C.K. Winata, A. Nadina & M. Rofik
Research and Development Dept., Environmental & Health Division
Bintan is the largest island among many in the Province of Riau Archipelago, located just south of Singapore. Bintan Resorts is located at the northern part (01.17° to 01.20° N and 104.30° to 104.58° E) and comprises 23,000 hectares of area, of which 3,000 hectares have already been developed. Within the resorts, there are more than 50 kilometers of white sandy beach (Figure 1). Between 2004 and 2006, we conducted ground surveys along beaches within Bintan Resorts at least once every two weeks. Between March and October, the frequency of patrols increased to 2-3 times a week on Pasir Panjang beach (01.1833°N, 104.1942°E; site 4 in Figure 1). All turtle tracks, nests, eggs, and egg shells were recorded, following Schroeder & Murphy (1999). In some cases, we relocated freshly laid nests to 3x5 m hatchery enclosures on more protected areas of beaches, for safe incubation.
Figure 1. Map of Bintan Island, with four nesting areas identified within the Bintan Resorts Area (map source: Bintan Resorts website. used with permission).
Within the Bintan Resort, we identified four nesting beaches where both hawksbill turtle (Eretmochelys imbricata) and green turtles (Chelonia mydas) laid nests (Figure 1). Hawksbill turtles were the most common species nesting on the four beaches, with most nesting activities occurring between March and September (Figure 2). No nests were observed between November and February, which coincides with the monsoon season in Bintan. The phenology of sea turtle nesting in Bintan is similar to that reported for nearby Tembelan Island (February to May) and Johor, Malaysia (March to August) (Ali et al. 2004). Although the survey design did not allow us to fully monitor all nesting activities, it appeared that nesting density was greatest on Pasir Panjang beach.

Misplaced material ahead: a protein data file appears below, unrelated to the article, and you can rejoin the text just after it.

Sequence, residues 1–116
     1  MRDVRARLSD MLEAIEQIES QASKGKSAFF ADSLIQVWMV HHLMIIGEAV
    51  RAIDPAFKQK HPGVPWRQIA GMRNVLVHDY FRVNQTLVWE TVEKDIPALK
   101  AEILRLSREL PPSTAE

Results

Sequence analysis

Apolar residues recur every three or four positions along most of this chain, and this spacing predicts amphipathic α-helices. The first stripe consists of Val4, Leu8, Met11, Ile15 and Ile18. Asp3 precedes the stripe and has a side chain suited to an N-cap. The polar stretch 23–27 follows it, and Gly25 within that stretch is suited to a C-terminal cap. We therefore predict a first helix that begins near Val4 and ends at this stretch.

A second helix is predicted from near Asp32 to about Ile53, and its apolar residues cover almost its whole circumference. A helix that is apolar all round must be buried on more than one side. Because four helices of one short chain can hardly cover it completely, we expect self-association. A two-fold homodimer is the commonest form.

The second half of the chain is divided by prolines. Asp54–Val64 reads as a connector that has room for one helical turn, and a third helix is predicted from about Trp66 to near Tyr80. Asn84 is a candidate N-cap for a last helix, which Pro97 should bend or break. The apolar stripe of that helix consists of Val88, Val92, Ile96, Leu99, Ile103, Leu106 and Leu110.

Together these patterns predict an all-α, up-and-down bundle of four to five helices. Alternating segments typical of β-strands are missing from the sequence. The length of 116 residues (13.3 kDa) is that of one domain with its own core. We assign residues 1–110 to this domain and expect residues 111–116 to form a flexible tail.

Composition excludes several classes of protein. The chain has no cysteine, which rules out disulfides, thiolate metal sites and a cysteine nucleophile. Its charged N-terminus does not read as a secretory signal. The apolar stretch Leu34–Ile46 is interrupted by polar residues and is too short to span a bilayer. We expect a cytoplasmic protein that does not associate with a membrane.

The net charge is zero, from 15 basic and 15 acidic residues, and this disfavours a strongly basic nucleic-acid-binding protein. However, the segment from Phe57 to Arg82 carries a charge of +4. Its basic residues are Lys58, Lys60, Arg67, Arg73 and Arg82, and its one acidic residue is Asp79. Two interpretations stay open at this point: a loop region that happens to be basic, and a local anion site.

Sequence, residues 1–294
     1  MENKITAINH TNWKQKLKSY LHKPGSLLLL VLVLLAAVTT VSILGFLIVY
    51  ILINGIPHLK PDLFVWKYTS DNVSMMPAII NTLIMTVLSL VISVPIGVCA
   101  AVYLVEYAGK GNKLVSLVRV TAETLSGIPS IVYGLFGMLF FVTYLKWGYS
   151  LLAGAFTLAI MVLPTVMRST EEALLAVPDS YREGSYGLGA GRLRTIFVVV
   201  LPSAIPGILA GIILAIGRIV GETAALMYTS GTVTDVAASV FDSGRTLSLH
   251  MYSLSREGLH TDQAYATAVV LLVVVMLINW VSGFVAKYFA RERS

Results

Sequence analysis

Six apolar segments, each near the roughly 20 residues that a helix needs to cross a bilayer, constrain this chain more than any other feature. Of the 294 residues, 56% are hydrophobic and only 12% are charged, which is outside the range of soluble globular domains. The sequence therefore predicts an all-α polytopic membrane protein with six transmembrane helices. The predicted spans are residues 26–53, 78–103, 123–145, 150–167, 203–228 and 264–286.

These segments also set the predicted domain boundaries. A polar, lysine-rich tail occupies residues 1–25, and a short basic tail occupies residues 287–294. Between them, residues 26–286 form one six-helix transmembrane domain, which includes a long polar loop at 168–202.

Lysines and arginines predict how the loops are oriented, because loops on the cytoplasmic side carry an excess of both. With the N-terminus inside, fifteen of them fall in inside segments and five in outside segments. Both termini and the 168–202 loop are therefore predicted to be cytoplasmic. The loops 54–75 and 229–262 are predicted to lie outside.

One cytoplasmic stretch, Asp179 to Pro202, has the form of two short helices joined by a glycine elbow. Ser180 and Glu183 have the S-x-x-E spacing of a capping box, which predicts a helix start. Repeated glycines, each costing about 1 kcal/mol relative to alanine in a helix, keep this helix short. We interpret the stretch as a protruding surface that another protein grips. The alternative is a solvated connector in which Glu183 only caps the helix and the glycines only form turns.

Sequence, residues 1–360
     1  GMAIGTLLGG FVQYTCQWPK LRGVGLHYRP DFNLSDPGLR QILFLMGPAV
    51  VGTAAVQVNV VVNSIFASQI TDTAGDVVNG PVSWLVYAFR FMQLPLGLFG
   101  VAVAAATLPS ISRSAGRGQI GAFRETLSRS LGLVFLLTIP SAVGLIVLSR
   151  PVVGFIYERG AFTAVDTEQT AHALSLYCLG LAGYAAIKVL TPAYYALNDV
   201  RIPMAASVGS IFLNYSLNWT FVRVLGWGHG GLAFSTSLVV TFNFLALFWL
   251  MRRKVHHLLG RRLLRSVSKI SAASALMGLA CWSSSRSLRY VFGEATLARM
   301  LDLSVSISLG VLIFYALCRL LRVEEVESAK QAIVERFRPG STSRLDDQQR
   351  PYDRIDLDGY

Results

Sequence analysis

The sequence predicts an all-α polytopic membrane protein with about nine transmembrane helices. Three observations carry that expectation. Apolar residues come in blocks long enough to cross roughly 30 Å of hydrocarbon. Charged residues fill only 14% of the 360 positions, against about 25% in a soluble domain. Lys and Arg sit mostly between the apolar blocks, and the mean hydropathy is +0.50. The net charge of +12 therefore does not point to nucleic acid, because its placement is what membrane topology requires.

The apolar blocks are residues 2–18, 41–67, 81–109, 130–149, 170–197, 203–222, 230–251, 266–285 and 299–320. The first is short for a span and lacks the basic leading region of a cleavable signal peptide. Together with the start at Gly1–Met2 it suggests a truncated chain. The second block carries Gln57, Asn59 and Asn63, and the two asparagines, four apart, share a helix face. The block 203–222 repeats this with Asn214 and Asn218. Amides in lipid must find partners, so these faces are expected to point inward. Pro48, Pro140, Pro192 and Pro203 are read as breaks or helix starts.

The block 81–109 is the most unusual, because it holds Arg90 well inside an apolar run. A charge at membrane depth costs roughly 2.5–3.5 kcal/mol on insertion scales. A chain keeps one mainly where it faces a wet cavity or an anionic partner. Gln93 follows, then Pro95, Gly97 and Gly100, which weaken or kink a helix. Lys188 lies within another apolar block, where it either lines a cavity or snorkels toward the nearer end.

Figure 2. Number of turtle tracks counted per month at the four nesting sites being monitored within Bintan Resorts, on Bintan Island, Indonesia.
When we began our monitoring project in 2004, we found that >90% of observed nests had been collected by local people for consumption. Given the anthropogenic pressures on sea turtle nests in the area and the logistical challenge of trying to monitor widely dispersed beaches, starting in 2005 we used hatcheries to protect some incubating eggs. In 2005, there were 550 hawksbill hatchlings produced from 5 nests in the hatchery (85% successful hatching rate) that we released to the ocean. In 2006, 1224 hawksbill hatchlings were produced in the hatchery (80% hatching rate) and released to the ocean. We invited tourists and local villagers to the hatchling releases to learn more about sea turtles and conservation. In addition, we disseminated information materials about sea turtle biology and conservation, though direct conversations and the distribution of calendars, leaflets and comic books. We noted that the percentage of turtle nests collected by locals declined to 61% in 2005 and decreased further to 33% in 2006.
We have been encouraged by our efforts that we can not only protect sea turtle nests on Bintan but also raise awareness of sea turtle conservation in local villages. We anticipate that we will be able to more actively engage local people in our project, thereby increasing its effectiveness.
Acknowledgements: We thank to Professor C.H. Diong for supervising and sharing valuable advice. Our sincere thanks to Douglas Hykle, M. Halim and W. Andyana for their inputs, Alang-alang Sea Sport Centre who helped in logistics and in checking turtle tracks, Ranan Samanya for supervising our projects. This study would not be possible without a PT. Bintan Resort Cakrawala grant.
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SCHROEDER, B. & S. MURPHY. 1999. Population surveys (ground and aerial) on nesting beaches. In: K. L. Eckert, K.A. Bjorndal, F.A. Abreu-Grobois & M. Donnelly (Eds) Research and Management Techniques for the Conservation of Sea Turtles. IUCN/SSC Marine Turtle Specialist Group Publication No. 4, pp. 45-55.